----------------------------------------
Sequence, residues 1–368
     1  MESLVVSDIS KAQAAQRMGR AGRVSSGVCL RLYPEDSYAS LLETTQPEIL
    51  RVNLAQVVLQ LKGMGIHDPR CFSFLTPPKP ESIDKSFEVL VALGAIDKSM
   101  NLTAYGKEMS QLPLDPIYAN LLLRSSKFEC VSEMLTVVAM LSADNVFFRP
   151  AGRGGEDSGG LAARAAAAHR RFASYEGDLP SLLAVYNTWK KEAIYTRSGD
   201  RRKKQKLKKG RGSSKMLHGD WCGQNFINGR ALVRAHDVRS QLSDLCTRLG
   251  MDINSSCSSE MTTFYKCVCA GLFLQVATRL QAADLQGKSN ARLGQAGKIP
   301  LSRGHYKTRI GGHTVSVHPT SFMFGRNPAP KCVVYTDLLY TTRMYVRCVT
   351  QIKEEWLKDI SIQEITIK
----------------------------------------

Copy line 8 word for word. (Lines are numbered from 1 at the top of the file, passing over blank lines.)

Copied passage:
   301  LSRGHYKTRI GGHTVSVHPT SFMFGRNPAP KCVVYTDLLY TTRMYVRCVT